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Leaf Hopper

Leaf hoppers

Leafhopper is a common name applied to any species from the family Cicadellidae. Leafhoppers are found all over the world, and it is the second largest family in the Hemiptera; there are at least 20,000 described species. Leafhoppers have piercing sucking mouthparts, they feed on plant sap and can transmit plant viruses. Species that are significant agricultural pests include the potato leafhopper, beet leafhopper, white apple leafhopper, two-spotted leafhopper, and glassy-winged sharpshooter.

These insects belong to the order Homoptera. The Adults all have somewhat wedge-shaped body structure. Treehoppers often have an elaborate growth above their heads disguising it as a thorn or other plant part. Treehopper females can cause damage to trees and shrubs when they cut small slits into the bark to lay eggs.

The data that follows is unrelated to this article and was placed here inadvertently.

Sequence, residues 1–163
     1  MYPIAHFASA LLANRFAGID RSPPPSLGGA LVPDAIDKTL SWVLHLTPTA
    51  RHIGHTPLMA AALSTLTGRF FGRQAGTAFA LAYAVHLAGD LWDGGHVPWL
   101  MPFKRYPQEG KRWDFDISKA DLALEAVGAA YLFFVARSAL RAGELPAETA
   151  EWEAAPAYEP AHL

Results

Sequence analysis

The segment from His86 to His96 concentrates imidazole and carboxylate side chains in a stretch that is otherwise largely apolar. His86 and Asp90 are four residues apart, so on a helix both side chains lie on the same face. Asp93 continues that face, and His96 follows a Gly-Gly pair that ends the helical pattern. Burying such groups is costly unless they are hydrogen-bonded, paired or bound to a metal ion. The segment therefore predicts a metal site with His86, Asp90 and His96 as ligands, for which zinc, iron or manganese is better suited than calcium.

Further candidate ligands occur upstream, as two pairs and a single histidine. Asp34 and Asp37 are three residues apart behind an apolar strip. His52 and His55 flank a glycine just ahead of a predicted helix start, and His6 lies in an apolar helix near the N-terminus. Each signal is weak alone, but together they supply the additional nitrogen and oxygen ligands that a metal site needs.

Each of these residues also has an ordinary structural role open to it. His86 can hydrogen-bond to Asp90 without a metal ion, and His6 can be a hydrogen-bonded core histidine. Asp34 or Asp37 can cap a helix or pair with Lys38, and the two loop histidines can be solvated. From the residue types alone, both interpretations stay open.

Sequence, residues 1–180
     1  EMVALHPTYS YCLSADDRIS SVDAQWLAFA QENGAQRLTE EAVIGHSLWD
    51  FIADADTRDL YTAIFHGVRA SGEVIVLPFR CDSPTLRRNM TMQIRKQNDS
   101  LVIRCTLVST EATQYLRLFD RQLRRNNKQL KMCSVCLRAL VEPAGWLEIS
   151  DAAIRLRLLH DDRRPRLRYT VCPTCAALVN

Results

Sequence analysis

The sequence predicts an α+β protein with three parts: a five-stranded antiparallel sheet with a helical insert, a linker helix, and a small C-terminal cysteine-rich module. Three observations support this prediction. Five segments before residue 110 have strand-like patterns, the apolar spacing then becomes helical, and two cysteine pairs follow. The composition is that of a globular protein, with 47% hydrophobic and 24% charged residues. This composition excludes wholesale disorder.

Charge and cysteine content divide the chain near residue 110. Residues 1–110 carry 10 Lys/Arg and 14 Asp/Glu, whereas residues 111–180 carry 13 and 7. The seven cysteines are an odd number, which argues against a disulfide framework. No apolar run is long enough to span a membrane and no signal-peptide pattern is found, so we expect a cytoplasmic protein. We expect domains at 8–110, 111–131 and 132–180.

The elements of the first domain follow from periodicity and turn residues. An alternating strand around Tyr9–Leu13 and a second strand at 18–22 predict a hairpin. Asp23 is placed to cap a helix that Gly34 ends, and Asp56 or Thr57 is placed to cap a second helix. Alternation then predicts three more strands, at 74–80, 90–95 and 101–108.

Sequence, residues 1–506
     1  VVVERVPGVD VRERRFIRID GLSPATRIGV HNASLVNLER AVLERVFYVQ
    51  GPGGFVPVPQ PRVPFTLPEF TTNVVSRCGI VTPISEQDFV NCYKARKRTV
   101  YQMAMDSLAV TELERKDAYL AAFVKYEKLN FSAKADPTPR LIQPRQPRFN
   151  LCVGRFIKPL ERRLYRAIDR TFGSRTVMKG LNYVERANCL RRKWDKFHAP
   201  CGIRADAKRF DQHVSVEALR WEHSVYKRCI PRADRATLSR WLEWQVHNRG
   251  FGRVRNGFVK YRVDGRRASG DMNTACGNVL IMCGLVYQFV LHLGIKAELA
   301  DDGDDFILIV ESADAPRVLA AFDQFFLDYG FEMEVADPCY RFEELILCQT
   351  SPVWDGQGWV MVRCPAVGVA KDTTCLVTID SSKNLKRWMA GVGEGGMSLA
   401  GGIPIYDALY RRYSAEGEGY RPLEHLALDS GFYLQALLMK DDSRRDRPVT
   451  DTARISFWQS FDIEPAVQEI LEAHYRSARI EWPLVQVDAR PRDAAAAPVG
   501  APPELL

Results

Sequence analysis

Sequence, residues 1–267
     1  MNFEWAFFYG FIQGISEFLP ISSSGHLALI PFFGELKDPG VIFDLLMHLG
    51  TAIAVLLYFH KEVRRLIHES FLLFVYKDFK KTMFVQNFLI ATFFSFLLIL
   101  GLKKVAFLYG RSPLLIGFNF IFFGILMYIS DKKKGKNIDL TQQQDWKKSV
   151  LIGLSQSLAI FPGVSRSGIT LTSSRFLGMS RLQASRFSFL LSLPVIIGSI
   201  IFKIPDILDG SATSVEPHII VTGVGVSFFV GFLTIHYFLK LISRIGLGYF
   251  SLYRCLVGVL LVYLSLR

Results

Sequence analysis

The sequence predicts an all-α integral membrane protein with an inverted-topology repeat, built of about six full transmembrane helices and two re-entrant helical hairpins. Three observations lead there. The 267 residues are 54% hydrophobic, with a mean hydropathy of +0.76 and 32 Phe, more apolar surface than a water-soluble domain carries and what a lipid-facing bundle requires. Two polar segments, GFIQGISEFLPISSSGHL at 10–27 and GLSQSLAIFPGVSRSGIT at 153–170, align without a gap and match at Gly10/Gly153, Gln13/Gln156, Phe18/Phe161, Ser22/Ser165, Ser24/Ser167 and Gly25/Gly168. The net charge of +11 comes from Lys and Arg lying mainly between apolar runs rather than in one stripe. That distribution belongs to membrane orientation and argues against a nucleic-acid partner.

One of the more known and common leafhoppers is the red banded leafhopper (Graphocephala cocccinea). It is easily recognized with two distinct bright red stripes running down its back. It can be found on rhododendrons, azaleas, mountain laurel, rose and many other plants. Different species of leafhopper can cause various types of damage. Yellow spotting on leafs can be caused by their piercing mouthparts. They can also cause stunting and curling of emerging foliage on many plants and trees. Spittlebug nymphs exude a froth like substance and use it to cover themselves completely. Spittlebugs are not thought to be too damaging. Adults of these three various insects all tend to jump away when disturbed.

Treat with insecticidal soap when hoppers are first noticed.


Leaf Hopper